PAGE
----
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Toxn last won the day on April 12 2017

Toxn had the most liked content!

About Toxn

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  1. So your argument is mere assertion? Can't refute that. Anyway, I have to make the long trek home (by train and car).
  2. So half the number of cars guns owned by the average gun owner.
  3. Again, that's not what we're discussing at all. Oedipus' contention was that cars are more dangerous than guns, and less regulated. So talking about crime is besides the point here.
  4. I doubt that - unless you're talking about cars owned in sequence, which sort of elides the point. The Fortune article I found estimates something like 50 million gun owners (of which 5% own most of the guns), so raw numbers gives you 5-6 guns per owner, on average.
  5. That's kind of a different issue - we're comparing deaths to raw numbers here (again - strained, but I didn't make the comparison).
  6. Isn't dividing by the total amount of guns a bit odd, given that most gun owners own more than one? I went with gun owners as a proxy for that reason. This also doesn't do much to quantify exposure risk - which is admittedly much harder to look at in this case.
  7. I agree that the comparison gets a bit strained, but then I didn't make it. I have no idea how stringent licencing is for wherever-you-come-from, so you'll have to fill in on the details. Does it involve a competency test? I'm also assuming here that you guys use a similar system to ours - where there are different types of vehicle licences required to operate bikes, trucks and cars. Finally; would you say that the automotive approach is better, safety-wise? Would having a similar approach to firearms do more to limit people getting shot (which is about as narrowly as you can define such a complex thing). Or would it be better to apply the reverse approach and ban vehicles capable of exceeding certain speed limits or something?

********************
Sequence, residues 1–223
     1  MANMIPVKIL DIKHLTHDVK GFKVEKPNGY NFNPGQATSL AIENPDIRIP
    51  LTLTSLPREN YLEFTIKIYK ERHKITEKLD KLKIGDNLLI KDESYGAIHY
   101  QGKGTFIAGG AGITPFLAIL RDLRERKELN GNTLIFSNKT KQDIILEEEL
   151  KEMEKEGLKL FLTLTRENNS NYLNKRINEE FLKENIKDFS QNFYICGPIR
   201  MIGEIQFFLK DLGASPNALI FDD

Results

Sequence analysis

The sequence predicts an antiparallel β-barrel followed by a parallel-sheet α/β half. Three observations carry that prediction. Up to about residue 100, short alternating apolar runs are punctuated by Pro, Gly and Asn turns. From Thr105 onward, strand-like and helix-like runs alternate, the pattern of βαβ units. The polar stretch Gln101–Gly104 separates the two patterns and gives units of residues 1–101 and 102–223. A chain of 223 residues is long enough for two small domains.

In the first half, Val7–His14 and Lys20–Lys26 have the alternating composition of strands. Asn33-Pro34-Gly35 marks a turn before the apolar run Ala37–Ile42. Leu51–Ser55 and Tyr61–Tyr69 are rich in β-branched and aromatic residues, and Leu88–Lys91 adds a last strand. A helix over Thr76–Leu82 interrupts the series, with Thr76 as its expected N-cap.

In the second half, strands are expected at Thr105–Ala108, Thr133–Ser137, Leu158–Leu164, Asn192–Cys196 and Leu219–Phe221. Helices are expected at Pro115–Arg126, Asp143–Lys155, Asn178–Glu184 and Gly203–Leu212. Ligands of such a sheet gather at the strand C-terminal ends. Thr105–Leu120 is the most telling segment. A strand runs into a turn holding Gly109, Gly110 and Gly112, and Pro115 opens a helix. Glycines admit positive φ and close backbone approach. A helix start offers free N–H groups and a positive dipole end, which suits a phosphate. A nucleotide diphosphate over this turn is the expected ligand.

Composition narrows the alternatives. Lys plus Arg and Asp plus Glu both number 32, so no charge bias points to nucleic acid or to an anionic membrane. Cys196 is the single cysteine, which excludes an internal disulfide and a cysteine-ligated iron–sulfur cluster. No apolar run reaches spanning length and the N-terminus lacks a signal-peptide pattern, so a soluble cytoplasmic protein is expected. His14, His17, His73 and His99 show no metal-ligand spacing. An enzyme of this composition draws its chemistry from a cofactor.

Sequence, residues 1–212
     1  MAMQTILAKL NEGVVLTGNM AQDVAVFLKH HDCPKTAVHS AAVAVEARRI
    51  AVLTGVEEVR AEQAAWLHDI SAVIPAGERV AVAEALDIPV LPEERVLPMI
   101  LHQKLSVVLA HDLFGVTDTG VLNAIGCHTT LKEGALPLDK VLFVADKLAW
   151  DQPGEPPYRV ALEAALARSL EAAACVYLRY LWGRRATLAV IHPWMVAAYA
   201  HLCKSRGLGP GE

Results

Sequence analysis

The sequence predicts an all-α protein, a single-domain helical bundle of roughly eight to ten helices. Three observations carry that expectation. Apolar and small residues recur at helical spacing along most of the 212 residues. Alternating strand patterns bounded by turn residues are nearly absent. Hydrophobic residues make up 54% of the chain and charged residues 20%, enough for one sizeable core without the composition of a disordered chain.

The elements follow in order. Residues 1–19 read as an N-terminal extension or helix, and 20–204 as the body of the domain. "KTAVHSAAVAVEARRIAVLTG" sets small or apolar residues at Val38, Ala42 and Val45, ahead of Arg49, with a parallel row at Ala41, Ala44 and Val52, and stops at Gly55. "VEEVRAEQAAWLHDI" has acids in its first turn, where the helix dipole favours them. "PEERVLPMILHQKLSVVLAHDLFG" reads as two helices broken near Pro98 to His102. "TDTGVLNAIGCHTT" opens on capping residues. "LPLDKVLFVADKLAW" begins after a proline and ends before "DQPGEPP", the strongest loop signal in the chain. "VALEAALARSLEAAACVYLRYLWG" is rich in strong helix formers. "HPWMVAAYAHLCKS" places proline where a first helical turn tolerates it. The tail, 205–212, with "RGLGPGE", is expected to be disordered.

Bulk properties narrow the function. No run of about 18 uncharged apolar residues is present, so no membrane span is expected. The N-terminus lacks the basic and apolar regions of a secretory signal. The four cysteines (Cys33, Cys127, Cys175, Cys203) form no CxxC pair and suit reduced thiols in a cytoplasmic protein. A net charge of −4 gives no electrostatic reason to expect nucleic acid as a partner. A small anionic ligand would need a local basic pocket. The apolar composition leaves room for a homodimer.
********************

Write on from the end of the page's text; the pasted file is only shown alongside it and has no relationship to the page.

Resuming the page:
8. I thought safety features on guns were optional, but I'm glad to be corrected on this point. The number of mandatory features new cars are required to have is remarkable, and increases year-on-year. So you'll have to forgive me for assuming that firearms might lag a bit in this department.
  9. All fair enough points, although I'd quibble that there's scant difference in practice between regulation of public use and regulation of all use where cars are concerned. The US has mandatory safety features for cars, correct?
  10. 300 million guns according to wiki. 265 million guns and 55 million gun owners, according to Fortune. More wiki stuff: Gun-related deaths per year in the US: ~33 000 Car-related deaths per year in the US: ~35 000
  11. You should start charging a fee for your tank identification knowledge.
  12. Ah, I understand where you're coming from now. I think I conflated your and Oedipus' points. US folk can chime in on licenses in their neck of the woods. Where I live, however, it's much the same process as for you - although club membership is only strictly required for semi-auto rifles rather (bolt-actions, pistols or shotguns fall under a self-defence or occasional hunting/sport shooting licence). You also need to motivate ownership here. People carp about some of it, of course (especially the pistol folk), but I haven't seen any folk fail to get a licence if they're keen and willing to put in the time, effort etc.
  13. Since I've already mentioned that automobiles are heavily regulated, what about exposure risk? The data I could find showed that around 15% of the US population owns guns and 80% owns cars. Even assuming that gun owners shoot a lot and carry frequently, I can't imagine that the exposure time is higher for guns than cars. So cars should kill at least five times more people by simple exposure than guns, even if using both is equally safe. The other data I could find showed that deaths attributable to automobiles are around the same as deaths attributable to firearms in the US. So, even if we make the dubious assumption about equal time-based levels of exposure, car ownership is at least five times safter than gun ownership. You could use this to make the argument that the automotive safety lobby already romped on home on this one, and that cars are as safe as they can be made given the limits of engineering and the decreasing benefits associated with further risk-reduction measures.